How to Coach Children in Football
When coaching children in football, there are a few fundamentals to consider before getting started. As a coach, you need to be aware that the needs and development of each child will be very different – coaching children is not the same as coaching teenagers or adults. Patience and understanding are necessary skills to have when coaching children of a young age.
Your aim as a successful children's football coach should be to improve their basic skills, such as running, jumping, kicking, catching and throwing. With this comes natural progression and development of their agility, speed, balance and coordination. Coaching children is not about training the 'next big thing' but more so how you can build the foundations for a child to progress both physically and mentally.
In order to coach young children in football, an FA Level 1 Coaching Badge is required and you must also be CRB checked before working with children. This particular qualification will allow you to coach children from U7s upwards. You can find out more about the qualifications you need to become a football coach by reading our article "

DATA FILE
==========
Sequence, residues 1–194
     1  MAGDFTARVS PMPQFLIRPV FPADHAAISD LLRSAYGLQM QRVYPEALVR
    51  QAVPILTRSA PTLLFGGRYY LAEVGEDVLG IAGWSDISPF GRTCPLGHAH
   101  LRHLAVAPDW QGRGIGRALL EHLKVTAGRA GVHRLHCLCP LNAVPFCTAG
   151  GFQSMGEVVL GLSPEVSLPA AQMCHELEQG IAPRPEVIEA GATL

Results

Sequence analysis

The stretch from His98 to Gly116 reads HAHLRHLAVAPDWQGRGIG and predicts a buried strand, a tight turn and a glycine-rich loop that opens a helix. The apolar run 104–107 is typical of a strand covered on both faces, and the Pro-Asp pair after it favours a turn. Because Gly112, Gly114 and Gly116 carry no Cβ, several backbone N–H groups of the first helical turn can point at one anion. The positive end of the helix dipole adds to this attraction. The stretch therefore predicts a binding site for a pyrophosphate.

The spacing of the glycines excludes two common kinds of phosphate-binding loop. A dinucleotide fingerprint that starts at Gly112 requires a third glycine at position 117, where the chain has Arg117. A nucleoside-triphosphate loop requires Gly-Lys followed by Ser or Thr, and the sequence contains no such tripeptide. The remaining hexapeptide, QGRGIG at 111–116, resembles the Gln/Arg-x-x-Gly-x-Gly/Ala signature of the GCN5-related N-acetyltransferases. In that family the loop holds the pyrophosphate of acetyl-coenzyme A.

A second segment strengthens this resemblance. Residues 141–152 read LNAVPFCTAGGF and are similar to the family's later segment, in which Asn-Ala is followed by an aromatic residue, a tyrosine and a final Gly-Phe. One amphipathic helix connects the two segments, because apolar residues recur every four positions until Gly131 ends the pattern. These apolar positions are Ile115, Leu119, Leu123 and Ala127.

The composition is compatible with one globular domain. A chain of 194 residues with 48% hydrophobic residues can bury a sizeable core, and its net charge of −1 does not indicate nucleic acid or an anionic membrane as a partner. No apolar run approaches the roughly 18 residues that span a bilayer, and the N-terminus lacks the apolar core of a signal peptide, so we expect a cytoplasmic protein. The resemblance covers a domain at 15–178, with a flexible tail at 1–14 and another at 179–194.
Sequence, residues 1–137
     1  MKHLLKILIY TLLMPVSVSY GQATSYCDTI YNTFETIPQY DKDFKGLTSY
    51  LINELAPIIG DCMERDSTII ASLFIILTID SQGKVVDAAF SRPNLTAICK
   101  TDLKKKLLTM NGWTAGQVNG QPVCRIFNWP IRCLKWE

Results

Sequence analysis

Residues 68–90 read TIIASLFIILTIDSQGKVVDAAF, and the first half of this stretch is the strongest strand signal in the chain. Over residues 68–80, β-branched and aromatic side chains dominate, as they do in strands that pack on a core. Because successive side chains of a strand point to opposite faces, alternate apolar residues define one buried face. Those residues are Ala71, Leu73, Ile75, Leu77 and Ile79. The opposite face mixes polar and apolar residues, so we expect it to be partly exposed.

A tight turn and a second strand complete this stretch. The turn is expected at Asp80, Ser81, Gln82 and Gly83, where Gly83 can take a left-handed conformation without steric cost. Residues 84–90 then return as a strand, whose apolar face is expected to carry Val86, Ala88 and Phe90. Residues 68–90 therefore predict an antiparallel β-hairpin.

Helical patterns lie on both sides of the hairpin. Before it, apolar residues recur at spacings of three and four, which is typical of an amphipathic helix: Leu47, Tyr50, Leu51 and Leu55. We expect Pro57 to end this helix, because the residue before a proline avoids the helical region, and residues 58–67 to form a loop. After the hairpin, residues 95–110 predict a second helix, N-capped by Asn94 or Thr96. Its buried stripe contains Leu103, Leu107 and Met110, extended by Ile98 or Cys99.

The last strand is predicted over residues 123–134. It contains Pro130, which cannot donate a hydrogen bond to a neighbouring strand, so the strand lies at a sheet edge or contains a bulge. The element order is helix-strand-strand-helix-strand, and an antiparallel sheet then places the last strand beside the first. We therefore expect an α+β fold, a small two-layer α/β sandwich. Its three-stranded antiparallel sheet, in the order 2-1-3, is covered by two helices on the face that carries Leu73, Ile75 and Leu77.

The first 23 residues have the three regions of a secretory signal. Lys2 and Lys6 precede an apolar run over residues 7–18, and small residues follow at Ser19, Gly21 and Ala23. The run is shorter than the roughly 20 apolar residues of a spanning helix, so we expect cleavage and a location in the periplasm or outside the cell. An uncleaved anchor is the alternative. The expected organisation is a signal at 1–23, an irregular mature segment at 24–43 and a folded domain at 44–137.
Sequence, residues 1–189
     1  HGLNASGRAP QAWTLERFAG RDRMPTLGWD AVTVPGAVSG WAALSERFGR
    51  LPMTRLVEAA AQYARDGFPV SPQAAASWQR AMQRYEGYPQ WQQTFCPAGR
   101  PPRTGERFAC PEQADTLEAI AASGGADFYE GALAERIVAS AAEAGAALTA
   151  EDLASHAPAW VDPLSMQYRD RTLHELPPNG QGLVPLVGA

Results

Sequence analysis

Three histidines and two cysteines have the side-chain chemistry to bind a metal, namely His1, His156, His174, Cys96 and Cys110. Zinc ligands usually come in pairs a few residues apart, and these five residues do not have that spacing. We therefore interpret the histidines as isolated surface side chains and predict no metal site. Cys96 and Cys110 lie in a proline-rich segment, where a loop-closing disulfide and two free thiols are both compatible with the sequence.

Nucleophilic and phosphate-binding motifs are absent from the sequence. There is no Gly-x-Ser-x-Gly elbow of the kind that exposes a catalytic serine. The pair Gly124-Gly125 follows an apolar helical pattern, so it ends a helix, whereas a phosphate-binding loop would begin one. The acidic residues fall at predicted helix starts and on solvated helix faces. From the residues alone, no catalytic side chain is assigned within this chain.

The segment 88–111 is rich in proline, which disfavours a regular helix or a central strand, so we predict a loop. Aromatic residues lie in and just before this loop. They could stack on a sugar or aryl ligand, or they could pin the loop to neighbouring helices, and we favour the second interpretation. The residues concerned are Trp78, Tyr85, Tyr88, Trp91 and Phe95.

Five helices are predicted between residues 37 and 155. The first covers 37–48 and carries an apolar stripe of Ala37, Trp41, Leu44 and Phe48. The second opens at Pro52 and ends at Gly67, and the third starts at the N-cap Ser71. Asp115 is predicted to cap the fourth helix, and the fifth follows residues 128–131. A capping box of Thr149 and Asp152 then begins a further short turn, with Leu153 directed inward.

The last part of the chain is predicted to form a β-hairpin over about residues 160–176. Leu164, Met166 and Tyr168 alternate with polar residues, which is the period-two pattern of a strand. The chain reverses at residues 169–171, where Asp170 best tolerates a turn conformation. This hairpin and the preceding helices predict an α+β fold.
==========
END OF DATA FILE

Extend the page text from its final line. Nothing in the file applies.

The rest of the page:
How to Become a Football (Soccer) Coach".
Focus on fun, not winning
Football, whether playing or training, should always be an enjoyable activity for any child to take part in. At this early stage in their playing journey, while it is important to begin laying the foundations to master the basic skills, it is also vital that there is a high level of fun for the children to experience.
In their early years, it is more important for a child to be learning and mastering their core skills and not focusing on winning. As this could be viewed as a transitional period, one in which the child moves towards playing regularly and in a more competitive environment, you should be providing them with the tools they need to progress.